Friday, October 30, 2009

Fedspeak: Roadmap for the Exit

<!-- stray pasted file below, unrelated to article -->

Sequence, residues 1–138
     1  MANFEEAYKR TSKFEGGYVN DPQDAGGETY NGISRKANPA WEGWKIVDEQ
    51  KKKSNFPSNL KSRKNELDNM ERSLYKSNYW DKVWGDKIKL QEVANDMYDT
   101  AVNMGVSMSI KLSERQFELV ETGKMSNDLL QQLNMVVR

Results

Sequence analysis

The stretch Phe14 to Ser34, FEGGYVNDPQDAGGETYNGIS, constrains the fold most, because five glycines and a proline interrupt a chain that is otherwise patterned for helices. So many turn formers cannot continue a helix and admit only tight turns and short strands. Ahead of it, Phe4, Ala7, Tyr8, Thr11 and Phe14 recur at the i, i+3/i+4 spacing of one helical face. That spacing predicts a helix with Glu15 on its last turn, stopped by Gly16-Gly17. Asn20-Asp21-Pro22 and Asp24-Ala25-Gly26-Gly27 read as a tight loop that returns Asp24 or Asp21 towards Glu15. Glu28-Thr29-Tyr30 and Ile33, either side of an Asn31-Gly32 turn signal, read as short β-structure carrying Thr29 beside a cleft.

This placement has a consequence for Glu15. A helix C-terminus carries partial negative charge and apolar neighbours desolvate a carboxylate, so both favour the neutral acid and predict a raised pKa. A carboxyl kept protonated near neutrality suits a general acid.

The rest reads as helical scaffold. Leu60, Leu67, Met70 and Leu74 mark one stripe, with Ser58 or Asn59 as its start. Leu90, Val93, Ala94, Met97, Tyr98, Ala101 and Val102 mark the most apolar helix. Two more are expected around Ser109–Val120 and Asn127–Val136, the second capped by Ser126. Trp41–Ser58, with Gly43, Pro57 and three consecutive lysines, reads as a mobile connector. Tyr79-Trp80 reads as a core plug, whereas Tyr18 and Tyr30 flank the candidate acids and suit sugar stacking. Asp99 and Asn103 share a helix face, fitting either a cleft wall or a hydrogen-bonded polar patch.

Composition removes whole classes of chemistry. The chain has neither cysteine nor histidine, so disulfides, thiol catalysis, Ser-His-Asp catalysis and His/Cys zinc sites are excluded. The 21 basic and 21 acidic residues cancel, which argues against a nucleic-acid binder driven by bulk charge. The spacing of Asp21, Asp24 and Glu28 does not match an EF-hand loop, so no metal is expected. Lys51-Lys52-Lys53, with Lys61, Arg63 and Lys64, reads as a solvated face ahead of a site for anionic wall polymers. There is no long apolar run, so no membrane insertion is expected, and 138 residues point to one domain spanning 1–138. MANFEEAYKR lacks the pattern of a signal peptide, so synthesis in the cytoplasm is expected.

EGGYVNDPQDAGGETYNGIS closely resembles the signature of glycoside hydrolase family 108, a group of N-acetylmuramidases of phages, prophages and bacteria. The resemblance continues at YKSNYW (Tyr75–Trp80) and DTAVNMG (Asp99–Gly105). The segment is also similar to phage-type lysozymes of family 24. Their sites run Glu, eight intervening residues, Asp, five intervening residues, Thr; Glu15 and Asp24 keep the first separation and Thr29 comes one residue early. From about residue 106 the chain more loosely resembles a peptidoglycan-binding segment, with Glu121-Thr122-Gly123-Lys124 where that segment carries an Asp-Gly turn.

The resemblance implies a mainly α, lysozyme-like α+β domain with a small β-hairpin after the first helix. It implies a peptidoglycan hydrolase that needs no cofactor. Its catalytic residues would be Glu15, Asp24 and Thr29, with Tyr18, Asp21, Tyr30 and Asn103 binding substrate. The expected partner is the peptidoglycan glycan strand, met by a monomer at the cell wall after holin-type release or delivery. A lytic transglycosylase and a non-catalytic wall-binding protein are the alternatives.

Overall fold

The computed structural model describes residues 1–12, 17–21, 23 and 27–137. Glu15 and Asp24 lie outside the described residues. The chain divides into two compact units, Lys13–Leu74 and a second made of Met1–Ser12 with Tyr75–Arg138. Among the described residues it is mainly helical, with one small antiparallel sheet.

October 28, 2009 By Richard Berner New York & David Greenlaw San Paulo The FOMC next meets on November 3-4. In anticipation, market attention is riveted on every nuance of Fed language and actions. That's hardly surprising, as the case for today's ‘sweet spot' in risky assets rests on short rates staying anchored, liquidity remaining abundant and prospects improving for growth, however modest. Fed officials won't change policy any time soon. But they know that effective communication is more critical than ever as they craft the exit strategy from an ultra-accommodative stance. Market participants want the Fed to clarify its views about the outlook and about the circumstances in which the Fed will unwind its stance. That will help to reduce uncertainty about the implications of the exit process for financial markets. By reducing uncertainty, Fed officials can actually improve the effectiveness of monetary policy. Three areas are critical: First, officials can update the baseline outlook and risks to it, and how they will react to changes. Second, they can map out their exit game plan, continuing to identify the tools they will use and the sequence for deploying them. Third, they can say what they do and do not know about the exit process, given that the Fed and market participants are in uncharted waters. Outlook risks. As noted in the minutes from the September FOMC meeting, the Fed's baseline outlook has probably improved since late June, when the central tendency for growth over the four quarters of 2010 was a range of 2.1-3.3%, and the Fed projected core inflation to run about 1.5%. The revisions will probably reflect generally improving incoming data and a further easing in financial conditions. Despite our conviction that the recovery will be sufficiently strong as well as sustainable, we'd be the first to admit that both are uncertain. Underlying vehicle and housing demand remains unclear following the expiration of ‘cash-for-clunkers' and the first-time homebuyer tax credit. With payrolls still declining and income growth weak, consumer spending strength is in doubt. And contributions to growth from capex, net exports and the government are uncertain. There is even more dispersion around the inflation outlook: Economic slack is unprecedented, while monetary stimulus, rising commodity prices and a weaker dollar might boost inflation expectations and inflation. Even the extent to which inflation has fallen is unclear: The Fed's preferred inflation gauge - the core PCE price index - rose only 1.3% in the year ended in August, but removing a sharp decline in the so-called non=market component of PCE prices yields a rate of 1.7%. Clarifying the reaction function. Given that uncertainty, clarity on how officials will react to changes in the outlook will help market participants understand the roadmap for policy. Many will expect the Fed to tighten sooner if it boosts its growth outlook. However, even if its revised outlook for growth improves to match ours, with ‘core' inflation low and declining, we think that officials will keep policy accommodative through mid-2010. An ongoing improvement in financial conditions may promote a gradual unwinding of the quantitative/credit easing that the Fed implemented to offset the credit crunch. Nonetheless, the current circumstances suggest that the existing guidance on interest rates - "economic conditions are likely to warrant exceptionally low levels of the federal funds rate for an extended period" - is probably due for a change. A softening of the language at either the November or December FOMC meetings would be entirely consistent with our expectation that the first phase of the exit strategy (whether you call it reining in excess reserves, shrinking the balance sheet, or unwinding QE) will commence in 1H10 and that rate hikes will follow in 2H. Unlike in 2004, this language is highly conditional on economic conditions. By spelling out how much economic conditions have changed and what will be the response, the officials can help market participants understand the Fed's preferences and reactions. The "exceptionally low" language describes the stance of policy rather than its direction, so it is conceivable that it could still be applied to a 1% or even 2% funds rate target - especially with some small tweaks to the wording. Tools to use. While there appears to be some disagreement regarding the timing and the triggers for exit, all Fed officials seem to agree that the exit strategy has two basic components: 1) shrinking the volume of excess reserves and 2) raising the policy rate. Reverse repurchase agreements (RRPs) will be used to address the former. But there are several unanswered questions: How and when will the Fed use reverse RPs to drain excess reserves, given the massive size of the job? Will it need other tools such as accepting term deposits or selling assets? Will paying interest on reserves give it control over the funds rate? Here is some background. Thanks to aggressive expansion by the Fed, excess reserves - the surplus held by banks at the Fed over required reserves - currently total US$987 billion. We estimate that the excess will grow to about US$1.2 trillion by early 2010. The expected increase reflects three factors: 1) the ongoing impact of the large-scale asset purchases (LSAPs); 2) a looming slowdown in the pace of unwinding other Fed liquidity support facilities (the unwinding has provided significant offset to the LSAPs to this point but simply does not have much more room to go); and 3) the winding down of the Treasury's Supplementary Financing Program (SFP). Thus, far from exiting any time soon, the Fed will actually be adding more quantitative easing unless it takes offsetting action. This means that an important near-term issue is whether the Fed passively accepts more QE or attempts to offset the growth that should soon appear in the balance sheet and bank reserve data reports. The hawks on the FOMC would appear to have a powerful argument if they want to push the issue: "OK, we understand the rest of you don't want to exit yet, but if the recession is over, why are we doing the opposite of exiting?" The counter argument from the doves will be that draining operations might send a confusing signal to financial markets, and as long as the reserves are merely being stockpiled in cash accounts at the banks, what does it matter if more are added? Indeed, this seemed to be the prevailing sentiment at the September FOMC meeting, according to the recently released minutes. Thus, while it will be interesting to watch this debate play out in coming weeks as excess reserve balances soar to new highs, we don't sense that the Fed is about to start draining reserves. At this point, our best guess is that draining operations won't commence until early 2010. Whenever it does decide to start draining, the Fed will quickly enter uncharted territory. Although officials point out that reverse RPs are a standard component of the Fed's toolkit, the largest previous operations ever conducted with primary dealers were on the order of US$25 billion - and that was only for a relatively brief interval last autumn when the Fed was still attempting to sterilize the impact of all the new liquidity support facilities. Communications are critical here too: For example, the Fed has been conducting test reverse RPs, and to insure that investors understand the difference between policy and operational testing, the New York Fed issued a clarifying press release. Fed officials have actually outlined three approaches to draining reserves: reverse RPs, term deposit accounts and asset sales. We doubt that the Fed intends to sell assets any time soon, since such action would probably be quite disruptive to markets - this is more of a long-run option. Moreover, while offering term deposits would appear to be a useful means of draining significant volumes of reserves, this is an untested innovation that carries some legal and technical complexities. The Fed seems to be moving forward most aggressively with the reverse RP option. Initially, there was some concern that dealer capacity for large tri-party reverse RPs was quite limited due to balance sheet constraints, so the Fed signaled that it might have to conduct operations directly with large investors, such as money market funds. However, it now appears that dealers may be able to absorb a much larger volume of operations than previously believed, which would avoid the need for the Fed to deal with a new set of counterparties. Since this matter is expected to be a topic of discussion at the upcoming FOMC meeting, we are likely to get additional clarity on the technical aspects of how reverse RP operations fit into the overall exit strategy following that session. Finally, looking further ahead, the Fed has another tool - interest on excess reserves (IOER) - that, if effective, would enable officials to raise the policy rate without significant reserve draining. If the Fed hikes that rate, it raises the cost of borrowing; when banks can hold excess reserves on deposit with the Fed, they won't lend at rates below the IOER. Yet there are some institutions (in particular, the GSEs) that are not authorized to receive IOER, so there are leakages in the system. And at very low rates, IOER may not function properly. Therefore, the open market desk at the NY Fed may have to use the other tools noted above to execute the tightening as instructed by the FOMC. Uncertain impact of exit on markets. Beyond when exit will start and how it will work, there are several questions about the impact of such policies on financial markets. Will banks deploy their cash assets into securities or loans, reducing market rates and expanding credit supply? Will the interest rate on excess reserves become the policy rate, at least for a while? What will be the impact on market funding rates of conducting large reverse RP operations? The September FOMC minutes note that the Fed staff has examined the impact of very high reserve balances for bank balance sheet management and the economy. In tandem with the substantial volume of excess reserves, large banks that report weekly hold nearly US$1.2 trillion in cash assets on their balance sheets, or more than double the year-ago level. The staff believes that as banks grow more comfortable with the economic outlook, those now holding these balances for liquidity-management purposes could redeploy them into securities or loans. That shift in the asset mix would narrow spreads or increase credit availability; instead of boosting bank liabilities and the ‘money' multiplier, this would increase monetary stimulus through the asset side of banks' balance sheets. Finally, we suspect that large reverse RP operations could put upward pressure on financing rates - with general collateral RP rates possibly trading well above fed funds. We will be exploring this issue in greater detail over the course of coming days because it opens the door to the possibility that the fed funds rate might lose its status as the main barometer of monetary policy. Political constraints? Effective Fed communications will also help the FOMC navigate the current political environment. There is a deeply held concern that the Fed will be unable to execute an exit strategy due to political constraints. That's not surprising, given that criticism of the Fed is at its highest level in 70 years, according to some historians. And there will always be some politicians who criticize the Fed when it embarks on a tightening campaign. Nonetheless, we believe that such concerns are overblown. Since the days of Arthur Burns, the Fed has largely managed to run policy independently, and there is a new and very powerful argument in favor of independence. Since many place the blame for the financial and economic crisis of recent years squarely on an overly lax monetary policy coming out of the last recession, it's going to be especially difficult to criticize the Fed for exiting this time around. In addition, Chairman Bernanke's campaign to communicate directly with the public at large has strengthened the Fed's hand and probably contributed to President Obama's decision to nominate him for a second term. In the end, it's certainly conceivable that the Fed could delay exit longer than it should (just as it is possible that it moves too soon). But we are convinced that if the Fed was to wait too long, it would be because it misread the economy, not because of political influences.